The sensor is compatible with coolants of all manufacturers and any water-miscible coolant. The sensor draws coolant from the machine tank and measures the sample with the built-in refractometer and thermometer. Data is securely stored and allows any deviations to be detected at an early stage.
The software component is called the Liquidtool Manager. It provides secure access to all real-time and historical data from devices such as smartphones or tablets. The stored data can be displayed via graphics, statistics and reports to aid troubleshooting and maintenance. At the same time, the software is keeping a record of coolant conditions over time, which is essential for many critical applications.
In addition to automatic measurements taken by the sensor, the platform allows users to manually add data such as pH, nitrite and water hardness. For example, weekly pH levels can be added for each machine. Or there may be machines without a monitor because they are not often used. Enter the coolant condition manually into the app to keep data on all machines in one place.
Reliable, regular measurement forms the basis for stabilizing and optimizing processes, increasing efficiency, and identifying problems early on. This in turn can reduce machine downtime and contributes to longer service life of coolant and tools.
AN OPEN AND CUSTOMIZABLE PLATFORM
There are as many situations as manufacturers and each one is unique. For example, a shop may have one machine dedicated to titanium and using a special coolant. The second machine may be a grinding machine that requires a lower concentration. Two more conventional machines may use yet another formula but at different concentration levels.
This kind of complexity and the potential to improve the situation for manufacturers were the motivating factors to develop an easy monitoring system. The Liquidtool Manager makes it possible to manage different physical locations, production centers, departments or cells and machines. The hierarchy is completely customizable, as is the level of security access for different shop personnel.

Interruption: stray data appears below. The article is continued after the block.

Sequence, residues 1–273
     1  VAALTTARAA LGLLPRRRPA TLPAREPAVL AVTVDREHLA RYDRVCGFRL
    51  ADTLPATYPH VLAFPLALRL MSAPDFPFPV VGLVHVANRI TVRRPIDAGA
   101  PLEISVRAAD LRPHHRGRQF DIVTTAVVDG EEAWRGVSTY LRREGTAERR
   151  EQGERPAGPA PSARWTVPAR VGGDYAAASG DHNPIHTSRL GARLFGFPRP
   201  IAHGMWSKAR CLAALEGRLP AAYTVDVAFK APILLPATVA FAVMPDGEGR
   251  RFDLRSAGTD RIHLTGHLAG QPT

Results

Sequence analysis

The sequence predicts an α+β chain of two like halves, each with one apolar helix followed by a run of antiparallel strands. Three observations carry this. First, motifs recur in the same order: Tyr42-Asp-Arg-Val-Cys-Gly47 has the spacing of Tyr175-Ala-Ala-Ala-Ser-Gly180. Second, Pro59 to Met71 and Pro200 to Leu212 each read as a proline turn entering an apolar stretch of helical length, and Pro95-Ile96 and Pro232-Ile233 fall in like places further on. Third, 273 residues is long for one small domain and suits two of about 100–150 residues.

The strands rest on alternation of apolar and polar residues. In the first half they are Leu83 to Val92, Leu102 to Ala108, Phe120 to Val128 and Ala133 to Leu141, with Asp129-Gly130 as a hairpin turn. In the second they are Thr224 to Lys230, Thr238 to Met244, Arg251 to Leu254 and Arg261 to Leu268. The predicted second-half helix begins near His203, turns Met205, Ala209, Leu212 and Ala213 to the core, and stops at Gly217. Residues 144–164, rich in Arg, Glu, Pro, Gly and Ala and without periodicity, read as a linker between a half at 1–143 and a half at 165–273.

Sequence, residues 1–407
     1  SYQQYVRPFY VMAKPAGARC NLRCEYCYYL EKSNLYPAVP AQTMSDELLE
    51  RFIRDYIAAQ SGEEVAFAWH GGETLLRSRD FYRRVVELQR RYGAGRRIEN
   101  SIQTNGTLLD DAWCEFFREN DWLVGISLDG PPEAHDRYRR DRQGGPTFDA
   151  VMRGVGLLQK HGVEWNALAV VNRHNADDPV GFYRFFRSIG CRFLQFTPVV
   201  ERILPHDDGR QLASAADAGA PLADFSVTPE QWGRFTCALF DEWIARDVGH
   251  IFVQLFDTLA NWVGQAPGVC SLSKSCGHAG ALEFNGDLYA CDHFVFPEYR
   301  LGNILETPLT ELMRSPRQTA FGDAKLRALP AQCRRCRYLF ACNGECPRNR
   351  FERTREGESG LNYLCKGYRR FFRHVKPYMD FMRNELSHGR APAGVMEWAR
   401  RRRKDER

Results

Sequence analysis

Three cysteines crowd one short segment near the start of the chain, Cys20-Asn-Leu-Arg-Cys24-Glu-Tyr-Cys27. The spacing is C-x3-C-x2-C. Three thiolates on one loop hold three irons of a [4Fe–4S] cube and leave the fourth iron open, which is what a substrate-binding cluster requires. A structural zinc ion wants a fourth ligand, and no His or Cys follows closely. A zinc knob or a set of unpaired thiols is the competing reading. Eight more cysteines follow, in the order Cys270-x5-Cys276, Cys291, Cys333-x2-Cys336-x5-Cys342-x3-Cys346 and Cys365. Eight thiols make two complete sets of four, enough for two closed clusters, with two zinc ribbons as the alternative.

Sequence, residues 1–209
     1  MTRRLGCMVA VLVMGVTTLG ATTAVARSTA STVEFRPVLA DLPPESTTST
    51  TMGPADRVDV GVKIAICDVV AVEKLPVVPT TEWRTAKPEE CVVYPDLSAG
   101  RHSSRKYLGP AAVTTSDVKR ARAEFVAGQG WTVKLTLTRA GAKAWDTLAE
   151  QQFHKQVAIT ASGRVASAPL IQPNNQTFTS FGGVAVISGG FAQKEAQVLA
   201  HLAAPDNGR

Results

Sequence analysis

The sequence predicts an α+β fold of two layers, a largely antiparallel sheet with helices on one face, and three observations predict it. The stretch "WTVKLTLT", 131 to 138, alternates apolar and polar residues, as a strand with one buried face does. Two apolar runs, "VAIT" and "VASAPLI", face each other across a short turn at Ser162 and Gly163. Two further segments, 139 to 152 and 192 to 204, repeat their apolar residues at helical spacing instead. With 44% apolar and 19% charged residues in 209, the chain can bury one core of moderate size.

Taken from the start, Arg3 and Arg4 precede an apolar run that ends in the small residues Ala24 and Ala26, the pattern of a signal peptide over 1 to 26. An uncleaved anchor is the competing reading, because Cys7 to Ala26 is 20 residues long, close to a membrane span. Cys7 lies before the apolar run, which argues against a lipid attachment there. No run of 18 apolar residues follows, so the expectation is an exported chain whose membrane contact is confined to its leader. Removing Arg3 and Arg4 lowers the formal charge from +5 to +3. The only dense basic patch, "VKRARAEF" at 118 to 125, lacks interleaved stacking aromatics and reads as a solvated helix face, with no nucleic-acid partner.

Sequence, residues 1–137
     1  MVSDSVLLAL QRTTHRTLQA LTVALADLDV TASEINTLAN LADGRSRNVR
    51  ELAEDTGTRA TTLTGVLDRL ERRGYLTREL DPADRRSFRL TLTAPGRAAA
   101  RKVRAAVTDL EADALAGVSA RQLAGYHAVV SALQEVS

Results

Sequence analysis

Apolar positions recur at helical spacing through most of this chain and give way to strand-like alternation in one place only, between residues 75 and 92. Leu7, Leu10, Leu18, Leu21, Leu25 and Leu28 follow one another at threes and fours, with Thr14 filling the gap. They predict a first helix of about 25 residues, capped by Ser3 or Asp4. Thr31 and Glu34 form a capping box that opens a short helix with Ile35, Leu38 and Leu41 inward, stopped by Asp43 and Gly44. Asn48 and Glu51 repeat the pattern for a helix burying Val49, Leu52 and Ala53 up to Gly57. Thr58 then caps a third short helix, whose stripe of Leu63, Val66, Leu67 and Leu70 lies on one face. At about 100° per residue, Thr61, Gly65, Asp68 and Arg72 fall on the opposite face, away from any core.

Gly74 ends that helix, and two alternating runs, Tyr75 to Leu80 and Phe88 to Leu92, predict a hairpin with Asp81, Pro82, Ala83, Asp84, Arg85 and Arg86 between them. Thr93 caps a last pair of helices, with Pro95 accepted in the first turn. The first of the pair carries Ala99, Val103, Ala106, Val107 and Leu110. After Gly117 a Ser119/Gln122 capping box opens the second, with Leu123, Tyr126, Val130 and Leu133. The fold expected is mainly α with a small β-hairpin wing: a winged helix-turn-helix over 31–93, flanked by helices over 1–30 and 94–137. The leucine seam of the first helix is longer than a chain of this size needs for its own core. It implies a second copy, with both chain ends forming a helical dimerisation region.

The Liquidtool Manager is built on an open platform so the device can talk with other devices on the shop floor. Allowing integration with other systems is when it gets interesting. The combination of data from different platforms creates the opportunity for new insights and more opportunities to reduce waste and improve productivity.
SET UP ANY SHOP IN ONE DAY
The Liquidtool system is plug-and-play and designed to make data collection easy. The sensor housing is magnetized so it’s easy to place on any sheet metal. Naturally, it must be positioned near the sump, which is usually at the back of the machine. There is a small hose with a filter to extract coolant and another to return it to the tank, plus a power cord. A small pump is fully integrated into the sensor housing.
The sensor must be connected to the company WLAN or LAN internet connection and is controlled with the corresponding app on a tablet, smartphone or PC. A small token using near-field communication (NFC) protocol is installed at the front of the machine or other convenient location for quick access.
The NFC token allows the operator to monitor coolant concentration and temperature without going around to the back of the machine. Simply hold the connected tablet or smartphone over the token to connect. The app has present values for every machine. Simply walk from machine to machine and scan the token to collect data from each piece of equipment.
Liquidtool is an easy step toward digitalization and Industry 4.0 for any shop. Automated monitoring takes the mystery out of coolant and makes it manageable through data. Use this information to take the mystery out of fluid management. Reduce maintenance, increase productivity, and enjoy a clean and healthy work environment.